Sharing information is obviously very important. Obviously having information on a shared drive makes that easier. On the other hand it is hard to know when new or updated information appears on the drive. In my drop box, a little message pops up, but I only see it if I am sitting at the computer. When dealing with lots of info, it’s unrealistic to get a notification for every change. Yet when info is publicly available some people will assume that you know about the changes because they are available, but this is also unrealistic without some sort of notification.
Getting things out of your head is definitely something that interested me about the book. Not sure that I learned much here. Paper is fast, but how do you find that info later? It’s also unorganized. Redoing notes is time consuming. And perhaps I could use a voice to text app to let me record thoughts on the run. Digital technology is great, as is search, but many of the PDFs of research that I have do not have readable text within the pdf – so it’s all about either folder organization or documents title.
Contexts were particularly interesting to me. We all shift contexts regularly. It did bug me that he actually shifted contexts within the book frequently – particularly with song quotes. But it did emphasize that when you shift contexts you forget parts of the first context to think about the new context.
Ultimately I think he is a little too specific about technology in terms of products instead of product categories, but there is obviously a lot of food for thought within the book.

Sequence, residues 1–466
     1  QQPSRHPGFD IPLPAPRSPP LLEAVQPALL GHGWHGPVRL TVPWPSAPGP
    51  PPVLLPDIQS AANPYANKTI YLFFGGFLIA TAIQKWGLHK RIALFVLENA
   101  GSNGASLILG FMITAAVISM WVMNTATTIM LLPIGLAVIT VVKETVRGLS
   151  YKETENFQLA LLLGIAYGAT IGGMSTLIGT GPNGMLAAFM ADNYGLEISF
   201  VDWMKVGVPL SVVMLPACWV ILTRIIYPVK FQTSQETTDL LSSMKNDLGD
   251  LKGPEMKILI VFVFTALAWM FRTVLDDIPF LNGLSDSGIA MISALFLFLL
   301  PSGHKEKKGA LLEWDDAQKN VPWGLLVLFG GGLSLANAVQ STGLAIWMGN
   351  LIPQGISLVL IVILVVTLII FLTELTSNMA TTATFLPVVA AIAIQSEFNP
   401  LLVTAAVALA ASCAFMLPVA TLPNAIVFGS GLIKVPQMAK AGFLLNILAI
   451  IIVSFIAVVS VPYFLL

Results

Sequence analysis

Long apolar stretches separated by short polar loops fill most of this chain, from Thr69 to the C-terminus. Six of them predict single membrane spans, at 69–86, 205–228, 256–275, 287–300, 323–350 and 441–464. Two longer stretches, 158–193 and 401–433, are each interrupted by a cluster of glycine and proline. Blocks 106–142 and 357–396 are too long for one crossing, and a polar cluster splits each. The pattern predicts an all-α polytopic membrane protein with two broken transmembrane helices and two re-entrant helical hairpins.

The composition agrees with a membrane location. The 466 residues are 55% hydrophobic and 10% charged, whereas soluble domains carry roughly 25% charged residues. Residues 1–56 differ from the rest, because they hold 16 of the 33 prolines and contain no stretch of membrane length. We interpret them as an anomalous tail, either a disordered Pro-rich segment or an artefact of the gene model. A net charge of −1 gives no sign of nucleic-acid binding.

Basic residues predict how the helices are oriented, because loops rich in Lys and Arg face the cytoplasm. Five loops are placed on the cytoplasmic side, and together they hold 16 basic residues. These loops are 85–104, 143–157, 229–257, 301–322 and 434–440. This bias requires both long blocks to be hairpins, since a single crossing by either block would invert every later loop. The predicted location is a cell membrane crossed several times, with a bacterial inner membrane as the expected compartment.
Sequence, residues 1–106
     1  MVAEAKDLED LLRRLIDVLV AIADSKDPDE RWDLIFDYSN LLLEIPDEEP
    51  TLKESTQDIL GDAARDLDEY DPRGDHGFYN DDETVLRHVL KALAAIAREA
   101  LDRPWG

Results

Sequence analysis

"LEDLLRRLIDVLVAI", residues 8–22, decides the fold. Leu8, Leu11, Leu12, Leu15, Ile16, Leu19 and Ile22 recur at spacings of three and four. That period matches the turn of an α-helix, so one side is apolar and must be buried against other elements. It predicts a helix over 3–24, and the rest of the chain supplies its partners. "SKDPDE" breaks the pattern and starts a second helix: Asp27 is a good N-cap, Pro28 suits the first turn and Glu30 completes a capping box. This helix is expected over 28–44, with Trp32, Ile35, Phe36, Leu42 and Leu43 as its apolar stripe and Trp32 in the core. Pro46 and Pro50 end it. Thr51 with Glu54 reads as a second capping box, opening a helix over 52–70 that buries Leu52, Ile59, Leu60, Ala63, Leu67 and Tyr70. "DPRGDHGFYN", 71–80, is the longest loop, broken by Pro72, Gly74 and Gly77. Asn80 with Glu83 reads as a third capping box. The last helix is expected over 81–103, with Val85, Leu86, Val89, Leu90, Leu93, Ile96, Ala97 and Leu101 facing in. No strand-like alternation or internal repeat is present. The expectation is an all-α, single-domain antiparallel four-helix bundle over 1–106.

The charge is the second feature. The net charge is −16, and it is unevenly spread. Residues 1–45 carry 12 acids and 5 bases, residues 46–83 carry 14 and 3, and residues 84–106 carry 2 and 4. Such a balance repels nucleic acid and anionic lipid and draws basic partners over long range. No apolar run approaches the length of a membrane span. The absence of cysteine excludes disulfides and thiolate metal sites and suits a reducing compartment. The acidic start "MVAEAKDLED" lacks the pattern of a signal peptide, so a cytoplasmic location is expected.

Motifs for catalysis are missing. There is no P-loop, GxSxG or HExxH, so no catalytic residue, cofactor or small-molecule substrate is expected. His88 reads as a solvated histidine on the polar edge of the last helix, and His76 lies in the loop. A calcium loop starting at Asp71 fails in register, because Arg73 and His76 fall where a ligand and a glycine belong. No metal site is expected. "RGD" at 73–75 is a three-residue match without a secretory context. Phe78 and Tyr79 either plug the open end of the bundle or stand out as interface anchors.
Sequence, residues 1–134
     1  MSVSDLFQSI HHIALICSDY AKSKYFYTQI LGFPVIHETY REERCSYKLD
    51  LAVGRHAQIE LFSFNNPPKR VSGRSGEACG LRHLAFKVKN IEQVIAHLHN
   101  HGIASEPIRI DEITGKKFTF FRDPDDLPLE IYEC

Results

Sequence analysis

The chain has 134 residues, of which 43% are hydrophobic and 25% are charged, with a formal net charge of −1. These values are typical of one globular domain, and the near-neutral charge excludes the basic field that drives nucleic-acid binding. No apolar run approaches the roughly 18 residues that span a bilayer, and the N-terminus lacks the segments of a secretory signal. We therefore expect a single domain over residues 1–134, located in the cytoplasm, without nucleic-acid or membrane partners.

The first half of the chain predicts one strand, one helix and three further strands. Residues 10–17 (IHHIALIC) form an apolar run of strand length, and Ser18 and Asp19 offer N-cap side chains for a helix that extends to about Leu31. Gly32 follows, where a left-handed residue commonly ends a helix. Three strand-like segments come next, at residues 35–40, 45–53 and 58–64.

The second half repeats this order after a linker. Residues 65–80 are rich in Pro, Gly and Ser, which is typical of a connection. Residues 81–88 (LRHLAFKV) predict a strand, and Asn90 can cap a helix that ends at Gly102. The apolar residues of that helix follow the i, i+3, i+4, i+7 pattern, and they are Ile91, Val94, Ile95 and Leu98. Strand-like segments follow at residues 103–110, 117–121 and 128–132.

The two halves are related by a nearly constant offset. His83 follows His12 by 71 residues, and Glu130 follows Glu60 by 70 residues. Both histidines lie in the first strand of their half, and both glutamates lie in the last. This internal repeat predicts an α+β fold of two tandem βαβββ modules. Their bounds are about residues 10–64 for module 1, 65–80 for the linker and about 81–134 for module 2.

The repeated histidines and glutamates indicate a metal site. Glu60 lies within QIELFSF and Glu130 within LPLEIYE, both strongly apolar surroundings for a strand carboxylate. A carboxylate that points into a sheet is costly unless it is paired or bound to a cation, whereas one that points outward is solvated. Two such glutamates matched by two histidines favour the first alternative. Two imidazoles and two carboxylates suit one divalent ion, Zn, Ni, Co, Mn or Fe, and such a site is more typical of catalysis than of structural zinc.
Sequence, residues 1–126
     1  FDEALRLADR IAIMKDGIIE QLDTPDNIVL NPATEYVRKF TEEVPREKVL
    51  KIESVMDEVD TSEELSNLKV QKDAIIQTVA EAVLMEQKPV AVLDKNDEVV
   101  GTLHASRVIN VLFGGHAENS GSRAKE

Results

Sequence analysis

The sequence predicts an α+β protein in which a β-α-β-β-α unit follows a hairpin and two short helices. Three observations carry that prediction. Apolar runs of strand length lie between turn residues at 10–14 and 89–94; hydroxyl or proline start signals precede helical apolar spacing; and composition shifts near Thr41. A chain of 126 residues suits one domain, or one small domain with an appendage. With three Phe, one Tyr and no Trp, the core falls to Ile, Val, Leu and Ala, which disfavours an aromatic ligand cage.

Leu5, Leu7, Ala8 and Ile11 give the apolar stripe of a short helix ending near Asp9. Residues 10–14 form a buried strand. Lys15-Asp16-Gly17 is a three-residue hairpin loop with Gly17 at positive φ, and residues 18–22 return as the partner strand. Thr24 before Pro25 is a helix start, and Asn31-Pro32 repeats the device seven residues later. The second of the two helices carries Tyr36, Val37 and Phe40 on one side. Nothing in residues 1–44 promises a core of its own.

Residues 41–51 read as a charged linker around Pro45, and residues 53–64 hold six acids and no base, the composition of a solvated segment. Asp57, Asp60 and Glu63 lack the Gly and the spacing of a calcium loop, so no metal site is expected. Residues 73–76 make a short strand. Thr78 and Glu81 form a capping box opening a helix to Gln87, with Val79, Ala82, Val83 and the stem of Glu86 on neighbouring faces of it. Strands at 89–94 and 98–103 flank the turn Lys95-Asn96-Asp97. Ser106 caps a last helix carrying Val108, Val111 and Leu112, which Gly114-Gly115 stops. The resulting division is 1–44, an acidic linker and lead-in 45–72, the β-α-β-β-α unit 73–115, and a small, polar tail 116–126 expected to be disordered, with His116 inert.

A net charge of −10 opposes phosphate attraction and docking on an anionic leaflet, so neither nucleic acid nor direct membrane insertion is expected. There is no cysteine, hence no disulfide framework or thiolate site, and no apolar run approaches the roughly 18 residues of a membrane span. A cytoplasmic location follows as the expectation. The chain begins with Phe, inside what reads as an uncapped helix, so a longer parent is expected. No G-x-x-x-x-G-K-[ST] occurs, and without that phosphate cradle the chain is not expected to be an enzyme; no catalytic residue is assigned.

Calling yourself to leave notes (like while driving), particularly if you subscribe to a service that transcribes these notes and sends it to your email.
Paper vs computer – sometimes it is easier / faster to get things on paper. He has ideas on when each is better, but I think there are personal choices involved. There are also pluses and minus of each. Obviously what is on paper can be scanned (word recognition preferred) and stored.
Within his reading / scanning, he proposes to read and mark. Star whatever stands out, and keep moving forward. Then come back to what is starred and read it – then sort it into whatever applicable categories that had previously been determined. (Perhaps, a color for something you don’t understand, one for quoting, etc.)
Lastly, I have thought a lot recently that in a 1000 or so years people will look back on today as a dark age. Why? Because they will be unable to read what we write, or see what we do. As people write real letters, publish paper books, and print less photos, there is less of a “permanent” record of what we do. I don’t have the software to open files from my undergraduate work in the early 90’s, I’m sure that will only get much, much worse. Obviously this last bit is just food for thought, but it does make me wonder.